NEW YORK -- Victor Martinez is still wincing, Travis Hafner is still struggling, and the Indians, as a result, fielded a lineup Thursday that was devoid of the two hitters once considered cornerstones of the offense. Martinez remains bothered by a stiff neck that held him out of Tuesday's series opener with the Yankees and limited him to designated-hitter duties Wednesday. The catcher drove in the Tribe's first run with a sacrifice fly in the first inning.
"He sucked it up to play [Wednesday]," Wedge said before Thursday's series finale at Yankee Stadium. "He doesn't have great numbers against [Yankees starter Mike Mussina], and it's a day game after a night game, so we're going to give him a day." Martinez, who opts not to turn his head during interviews these days, said he had treatment on the neck Thursday morning, but it wasn't progressing. For a variety of reasons, Wedge would like to see Martinez return to the lineup at home Friday night against the Blue Jays, but the Indians aren't sure he'll be ready. Martinez, batting .337 this season, is the Tribe's only regular with an average above .265. He's also instrumental in working with the pitching staff. "We need to get him back behind the plate," Wedge said. "But there are certain areas, like the neck and back, that affect everything." Hafner hasn't had much of a positive effect at the plate this season, and last week's move to the No. 6 spot of the order hasn't led to better results. Pronk has just 10 hits in his last 65 at-bats over the last 18 games, driving in seven runs in that span. He pinch-hit with the bases loaded in the ninth inning Wednesday, and grounded into a double play on a ball that didn't even make it past the dirt in front of home plate. Hafner had Wednesday off because of Martinez's need to DH, but Thursday's day off was more of the "mental health" variety. Hafner has been out of the Tribe's lineup three out of the last seven games. "He's handled it well," Wedge said. "He's handling it the way it should be handled. He's not happy with it. This is where we've got to help him and he's got to help himself. I still feel very strong that he's going to come through this, and we'll help him to be as good as he's been before." Hafner, batting just .209 with a .339 slugging percentage and .301 on-base percentage for the season, is looking for consistency. "I've used the whole field fairly well, but I need to hit more line drives," he said. "I'm working on some stuff. Hopefully it will turn around quickly."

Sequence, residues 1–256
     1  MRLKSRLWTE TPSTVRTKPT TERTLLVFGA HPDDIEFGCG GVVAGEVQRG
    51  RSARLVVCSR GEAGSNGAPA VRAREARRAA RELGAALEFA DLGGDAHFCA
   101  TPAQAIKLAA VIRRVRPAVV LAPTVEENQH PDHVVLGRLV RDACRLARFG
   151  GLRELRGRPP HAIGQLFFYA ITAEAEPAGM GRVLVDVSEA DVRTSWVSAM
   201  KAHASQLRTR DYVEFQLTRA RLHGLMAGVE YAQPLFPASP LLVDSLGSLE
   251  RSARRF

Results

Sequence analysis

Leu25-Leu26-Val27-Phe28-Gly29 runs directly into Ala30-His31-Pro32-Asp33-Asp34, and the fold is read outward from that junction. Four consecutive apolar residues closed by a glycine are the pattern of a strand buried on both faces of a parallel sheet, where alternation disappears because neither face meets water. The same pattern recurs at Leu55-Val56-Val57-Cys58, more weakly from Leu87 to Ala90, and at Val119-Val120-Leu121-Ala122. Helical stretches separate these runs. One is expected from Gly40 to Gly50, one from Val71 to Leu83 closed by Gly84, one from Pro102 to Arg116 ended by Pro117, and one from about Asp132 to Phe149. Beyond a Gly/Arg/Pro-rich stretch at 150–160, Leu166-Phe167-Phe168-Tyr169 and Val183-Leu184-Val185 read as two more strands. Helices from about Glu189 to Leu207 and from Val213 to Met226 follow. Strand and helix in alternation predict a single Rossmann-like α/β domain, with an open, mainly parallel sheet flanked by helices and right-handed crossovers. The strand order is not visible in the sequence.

Anthony Castrovince is a reporter for MLB.com. This story was not subject to the approval of Major League Baseball or its clubs.